Symptoms include vomiting, colitis, diarrhoea, anaemia and irritability. Coughing, wheezing, asthma and rhinitis can all be features of soya intolerance. Asthma can result if soya flour or dust is inhaled. Skin problems such as atopic eczema can also result and very occasionally anaphylactic shock can occur in severe cases. Vomiting and coughing and wheezing usually occur within 2 hours of ingestion with more severe reactions, such as gastrointestinal symptoms, following in 24 to 48 hours.
Although soya allergy is less common than other allergies such as peanut or dairy allergy, soybeans are included on the allergen list. As proved by studies among allergic infants referred to allergy clinics, soya allergy is amongst the most common allergenic foods.
In a study of the prevalence of specific food allergies within unselected paediatric patients, soya was again one of the most common offenders. The allergy is comparatively common amongst younger age groups, although it is sometimes outgrown. However it can occur in adulthood. Severe fatal reactions have been associated with soya allergy.
It seems soya protein intolerance is more common in people with cow's milk protein intolerance and this is especially so in children. Diagnosis for allergy is best done with trials of withdrawals and re-introduction of soya because skin prick tests are often unhelpful, as can be the case with cow's milk protein intolerance.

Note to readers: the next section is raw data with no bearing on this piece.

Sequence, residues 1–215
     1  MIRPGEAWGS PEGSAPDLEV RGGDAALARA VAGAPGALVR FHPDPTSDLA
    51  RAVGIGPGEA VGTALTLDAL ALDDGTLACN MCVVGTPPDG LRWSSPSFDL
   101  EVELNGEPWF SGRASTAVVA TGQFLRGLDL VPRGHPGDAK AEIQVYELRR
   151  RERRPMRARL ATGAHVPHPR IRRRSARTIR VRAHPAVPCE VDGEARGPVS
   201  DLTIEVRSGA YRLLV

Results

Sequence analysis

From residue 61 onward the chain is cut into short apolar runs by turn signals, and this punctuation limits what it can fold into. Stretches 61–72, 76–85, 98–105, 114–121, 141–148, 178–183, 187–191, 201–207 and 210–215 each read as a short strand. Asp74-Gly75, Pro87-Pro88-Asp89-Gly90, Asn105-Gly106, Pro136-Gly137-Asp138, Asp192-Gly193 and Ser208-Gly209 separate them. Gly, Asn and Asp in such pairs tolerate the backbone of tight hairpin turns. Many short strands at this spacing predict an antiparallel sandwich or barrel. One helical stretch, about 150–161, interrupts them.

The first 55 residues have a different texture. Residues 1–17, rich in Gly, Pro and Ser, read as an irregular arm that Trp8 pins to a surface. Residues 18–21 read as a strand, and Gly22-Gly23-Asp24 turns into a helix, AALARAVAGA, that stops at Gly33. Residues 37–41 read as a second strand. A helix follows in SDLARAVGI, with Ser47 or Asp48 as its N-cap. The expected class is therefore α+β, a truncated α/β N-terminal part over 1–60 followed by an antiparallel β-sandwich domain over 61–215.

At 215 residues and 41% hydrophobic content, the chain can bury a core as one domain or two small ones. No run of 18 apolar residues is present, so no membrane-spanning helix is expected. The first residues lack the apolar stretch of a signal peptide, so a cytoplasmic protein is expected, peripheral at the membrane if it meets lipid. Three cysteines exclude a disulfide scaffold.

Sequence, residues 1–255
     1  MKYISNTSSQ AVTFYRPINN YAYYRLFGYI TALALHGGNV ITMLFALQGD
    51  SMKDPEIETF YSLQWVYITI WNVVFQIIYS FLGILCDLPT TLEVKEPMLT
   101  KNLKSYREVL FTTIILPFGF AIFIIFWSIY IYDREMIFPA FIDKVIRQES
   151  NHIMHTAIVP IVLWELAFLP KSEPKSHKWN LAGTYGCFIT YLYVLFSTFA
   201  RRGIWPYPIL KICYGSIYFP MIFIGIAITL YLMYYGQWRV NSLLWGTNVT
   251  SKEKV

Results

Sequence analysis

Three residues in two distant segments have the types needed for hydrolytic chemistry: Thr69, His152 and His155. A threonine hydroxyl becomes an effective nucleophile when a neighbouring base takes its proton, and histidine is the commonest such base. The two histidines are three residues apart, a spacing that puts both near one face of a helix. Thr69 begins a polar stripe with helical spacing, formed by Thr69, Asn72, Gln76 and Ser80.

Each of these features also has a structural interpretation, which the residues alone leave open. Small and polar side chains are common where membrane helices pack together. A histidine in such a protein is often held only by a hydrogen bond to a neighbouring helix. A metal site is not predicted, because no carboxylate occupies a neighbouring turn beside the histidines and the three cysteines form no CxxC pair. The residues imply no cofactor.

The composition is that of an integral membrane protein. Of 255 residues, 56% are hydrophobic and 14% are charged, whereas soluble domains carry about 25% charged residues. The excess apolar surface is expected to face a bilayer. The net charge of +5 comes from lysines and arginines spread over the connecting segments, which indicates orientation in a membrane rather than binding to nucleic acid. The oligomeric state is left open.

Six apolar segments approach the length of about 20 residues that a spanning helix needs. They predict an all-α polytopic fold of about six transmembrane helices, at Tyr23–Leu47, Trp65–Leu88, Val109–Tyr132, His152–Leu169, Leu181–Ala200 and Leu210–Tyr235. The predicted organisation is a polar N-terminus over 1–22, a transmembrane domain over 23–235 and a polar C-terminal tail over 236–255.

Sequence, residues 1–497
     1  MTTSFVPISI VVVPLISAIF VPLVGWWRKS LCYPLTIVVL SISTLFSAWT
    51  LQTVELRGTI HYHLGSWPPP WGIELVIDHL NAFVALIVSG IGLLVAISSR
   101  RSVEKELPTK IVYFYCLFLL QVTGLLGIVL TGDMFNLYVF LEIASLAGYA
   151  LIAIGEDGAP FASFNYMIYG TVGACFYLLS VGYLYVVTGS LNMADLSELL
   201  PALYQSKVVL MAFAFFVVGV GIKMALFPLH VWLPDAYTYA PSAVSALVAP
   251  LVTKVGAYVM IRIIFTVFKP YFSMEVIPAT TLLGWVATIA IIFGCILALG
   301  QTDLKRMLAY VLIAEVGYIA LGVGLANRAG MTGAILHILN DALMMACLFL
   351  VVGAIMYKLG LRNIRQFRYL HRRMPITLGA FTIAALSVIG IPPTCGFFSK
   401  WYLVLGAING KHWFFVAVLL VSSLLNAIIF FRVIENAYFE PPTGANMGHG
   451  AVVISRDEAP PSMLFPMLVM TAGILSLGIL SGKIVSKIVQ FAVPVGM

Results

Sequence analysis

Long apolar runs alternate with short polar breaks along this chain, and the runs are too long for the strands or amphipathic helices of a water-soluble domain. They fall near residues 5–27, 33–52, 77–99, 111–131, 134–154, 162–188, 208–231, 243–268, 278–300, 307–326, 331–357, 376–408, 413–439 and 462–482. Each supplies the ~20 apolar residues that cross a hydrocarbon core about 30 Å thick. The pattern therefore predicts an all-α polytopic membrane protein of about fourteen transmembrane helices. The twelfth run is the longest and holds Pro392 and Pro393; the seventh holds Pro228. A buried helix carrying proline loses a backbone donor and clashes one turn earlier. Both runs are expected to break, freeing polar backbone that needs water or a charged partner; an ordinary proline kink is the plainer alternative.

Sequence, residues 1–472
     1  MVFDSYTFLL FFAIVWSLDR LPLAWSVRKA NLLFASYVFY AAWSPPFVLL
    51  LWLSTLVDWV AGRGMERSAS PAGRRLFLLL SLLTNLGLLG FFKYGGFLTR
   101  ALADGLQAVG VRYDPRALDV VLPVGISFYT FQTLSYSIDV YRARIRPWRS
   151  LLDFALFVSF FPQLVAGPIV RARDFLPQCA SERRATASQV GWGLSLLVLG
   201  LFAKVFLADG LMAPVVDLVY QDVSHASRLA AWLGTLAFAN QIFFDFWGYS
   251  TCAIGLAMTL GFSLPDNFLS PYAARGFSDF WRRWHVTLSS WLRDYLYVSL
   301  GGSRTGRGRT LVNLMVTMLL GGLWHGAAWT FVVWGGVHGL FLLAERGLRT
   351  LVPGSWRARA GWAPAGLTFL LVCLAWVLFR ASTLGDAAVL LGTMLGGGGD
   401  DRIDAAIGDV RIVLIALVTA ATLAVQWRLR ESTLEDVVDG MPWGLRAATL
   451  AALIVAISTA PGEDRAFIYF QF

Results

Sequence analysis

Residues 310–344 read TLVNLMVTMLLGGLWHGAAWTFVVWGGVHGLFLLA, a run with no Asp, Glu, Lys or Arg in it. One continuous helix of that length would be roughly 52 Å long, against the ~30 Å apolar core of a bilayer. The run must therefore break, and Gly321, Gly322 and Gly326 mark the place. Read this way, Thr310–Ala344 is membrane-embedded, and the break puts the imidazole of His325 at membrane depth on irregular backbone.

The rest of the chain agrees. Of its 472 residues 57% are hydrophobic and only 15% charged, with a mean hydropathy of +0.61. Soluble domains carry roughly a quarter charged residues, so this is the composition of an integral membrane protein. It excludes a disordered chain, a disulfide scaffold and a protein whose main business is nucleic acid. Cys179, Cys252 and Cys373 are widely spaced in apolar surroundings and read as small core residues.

Completely avoiding soya protein in the diet is difficult because an enormous range of manufactured foods contain it. There is now a widespread use of soya protein in flour and therefore in most bread. Any bread sold unwrapped would not declare soya in its ingredients and even some wrapped breads do not declare the soya protein used as they do not have to by law. Soya is one of the ingredients along with iron salts, thiamine and bleaching agents etc. that can be undeclared.
All allergic reactions to soya concern soya protein. It is unknown whether soya lecithin, soya margarine or soya oil contain sufficient protein to provoke allergic reactions. In some studies those with soya allergy could tolerate small amounts of soya oil, lecithin and margarine, but in other studies patients could not.
Only minute amounts of protein were found in soya oil in one study. However it depends on the source of soya used and can vary from one product to another. The implication is that these items must be excluded from the diet if protein needs to be completely avoided - again it depends on the level of allergic reaction.